We are here, then, when the wind brings
the dank musk of seaweed, when other families pack up.
Their blankets drag trails on the sand, and their laughter
and calls fade into the flap and cry of the gulls.

Off shore, schools of spearing leap,
a sailboat bobs beside a buoy, dark surf
froths along a rocky jetty, but here she is,
under the fluttering umbrella,
the sun melting behind the dunes,
the crook of her fingers holding fast,
and why wouldn’t we stay until
all the shadows lengthen, why shouldn’t
this last day last long into the night?

~ Bonnie Proudfoot

Proudfoot’s poem has a lot of “s” sounds which seem to echo the sound of the water, and a lot of other alliteration—not enough to call attention to itself but enough to make the poem sing. It is a beach poem, a poem about aging, a poem about the family and the role of the mother, a poem about a strong woman nearing the end of her life. It is the poignancy of the poem that especially impressed Wallin as she judged the poems.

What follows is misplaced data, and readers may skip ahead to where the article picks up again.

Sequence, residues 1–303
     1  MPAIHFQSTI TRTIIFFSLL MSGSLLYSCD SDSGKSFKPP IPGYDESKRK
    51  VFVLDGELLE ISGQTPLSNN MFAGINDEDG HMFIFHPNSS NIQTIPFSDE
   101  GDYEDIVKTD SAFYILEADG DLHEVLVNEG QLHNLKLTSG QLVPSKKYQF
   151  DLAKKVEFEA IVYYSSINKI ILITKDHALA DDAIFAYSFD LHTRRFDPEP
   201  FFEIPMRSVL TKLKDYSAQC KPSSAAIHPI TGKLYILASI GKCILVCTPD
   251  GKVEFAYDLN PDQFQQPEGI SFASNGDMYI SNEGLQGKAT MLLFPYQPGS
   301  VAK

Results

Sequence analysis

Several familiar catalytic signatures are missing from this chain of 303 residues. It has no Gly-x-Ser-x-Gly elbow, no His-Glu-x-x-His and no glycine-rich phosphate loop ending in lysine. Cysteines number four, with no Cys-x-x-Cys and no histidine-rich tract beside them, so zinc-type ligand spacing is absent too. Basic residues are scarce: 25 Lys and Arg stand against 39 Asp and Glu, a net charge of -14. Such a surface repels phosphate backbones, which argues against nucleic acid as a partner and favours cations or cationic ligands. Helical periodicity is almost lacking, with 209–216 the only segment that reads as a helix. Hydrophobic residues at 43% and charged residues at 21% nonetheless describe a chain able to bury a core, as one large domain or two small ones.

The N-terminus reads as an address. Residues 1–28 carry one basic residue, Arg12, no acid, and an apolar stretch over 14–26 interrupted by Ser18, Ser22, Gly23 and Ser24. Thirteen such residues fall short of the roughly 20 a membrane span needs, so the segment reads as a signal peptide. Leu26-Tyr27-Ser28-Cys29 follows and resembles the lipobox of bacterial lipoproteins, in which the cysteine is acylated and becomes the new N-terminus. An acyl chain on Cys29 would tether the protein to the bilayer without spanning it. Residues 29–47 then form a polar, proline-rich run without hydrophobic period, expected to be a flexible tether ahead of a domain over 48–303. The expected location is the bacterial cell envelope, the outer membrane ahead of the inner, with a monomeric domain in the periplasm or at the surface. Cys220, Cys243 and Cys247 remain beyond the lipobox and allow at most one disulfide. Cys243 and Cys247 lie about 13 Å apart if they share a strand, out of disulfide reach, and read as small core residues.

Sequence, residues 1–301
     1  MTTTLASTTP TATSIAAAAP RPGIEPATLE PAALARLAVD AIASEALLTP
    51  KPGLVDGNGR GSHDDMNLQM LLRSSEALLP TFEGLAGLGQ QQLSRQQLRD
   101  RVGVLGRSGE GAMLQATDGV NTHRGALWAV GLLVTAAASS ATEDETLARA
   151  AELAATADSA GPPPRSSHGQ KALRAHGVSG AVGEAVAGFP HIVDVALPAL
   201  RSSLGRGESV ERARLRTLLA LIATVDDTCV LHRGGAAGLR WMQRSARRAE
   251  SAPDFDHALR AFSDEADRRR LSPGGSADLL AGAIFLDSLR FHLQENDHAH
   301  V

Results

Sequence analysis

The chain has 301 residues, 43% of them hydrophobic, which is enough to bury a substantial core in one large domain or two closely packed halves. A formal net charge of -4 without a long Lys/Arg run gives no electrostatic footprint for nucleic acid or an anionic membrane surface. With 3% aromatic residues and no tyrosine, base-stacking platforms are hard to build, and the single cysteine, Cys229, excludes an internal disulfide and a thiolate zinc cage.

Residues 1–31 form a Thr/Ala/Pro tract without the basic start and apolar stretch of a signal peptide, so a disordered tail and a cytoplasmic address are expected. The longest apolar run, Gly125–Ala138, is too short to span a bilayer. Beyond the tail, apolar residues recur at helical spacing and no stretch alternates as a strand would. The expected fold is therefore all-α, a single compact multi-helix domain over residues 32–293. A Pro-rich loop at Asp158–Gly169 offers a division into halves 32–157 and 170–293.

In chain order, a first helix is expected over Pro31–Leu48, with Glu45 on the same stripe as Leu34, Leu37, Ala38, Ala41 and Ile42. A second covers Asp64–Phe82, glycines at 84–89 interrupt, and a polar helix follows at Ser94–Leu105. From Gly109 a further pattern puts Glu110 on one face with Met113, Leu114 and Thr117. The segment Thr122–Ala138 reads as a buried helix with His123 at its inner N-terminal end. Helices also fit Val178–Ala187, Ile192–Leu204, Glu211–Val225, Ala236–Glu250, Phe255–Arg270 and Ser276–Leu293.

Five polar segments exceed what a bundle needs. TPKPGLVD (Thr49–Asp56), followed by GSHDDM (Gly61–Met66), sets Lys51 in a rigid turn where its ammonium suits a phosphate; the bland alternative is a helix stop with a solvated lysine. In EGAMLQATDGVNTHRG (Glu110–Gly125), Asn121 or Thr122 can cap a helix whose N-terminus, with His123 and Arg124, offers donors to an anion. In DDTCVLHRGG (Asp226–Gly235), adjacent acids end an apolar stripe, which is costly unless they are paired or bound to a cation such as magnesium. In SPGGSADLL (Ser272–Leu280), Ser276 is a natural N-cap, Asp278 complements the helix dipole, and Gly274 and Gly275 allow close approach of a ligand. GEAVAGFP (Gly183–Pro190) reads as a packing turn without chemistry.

“Behind the Dunes” appeared Proudfoot’s chapbook of poems, Household Gods, published by Sheila-Na-Gig Editions in September 2022.


For second place, Wallin selected a poem reflecting on a particular day in 2020:

Ocean Beach San Francisco March 4, 2020

You begged and I promised to leave you
along the landing strip of sand
where once the unwrinkled less reliable characters
in our prequel rolled brave and tender
words between the ocean breeze over slaps
of great waves breaking from the west.
You call this place the end
of land while in my ken here begins
ocean―point A on the whale road to Asia.
For hours we wove fancies between flotsam
and jetsam of a comfortable cottage among dens
of the wealthy. Still we paused to pity unlucky
jellyfish caught in wind and wave
who could control no more than we.
Or we would admire harbor seals bouncing across the littoral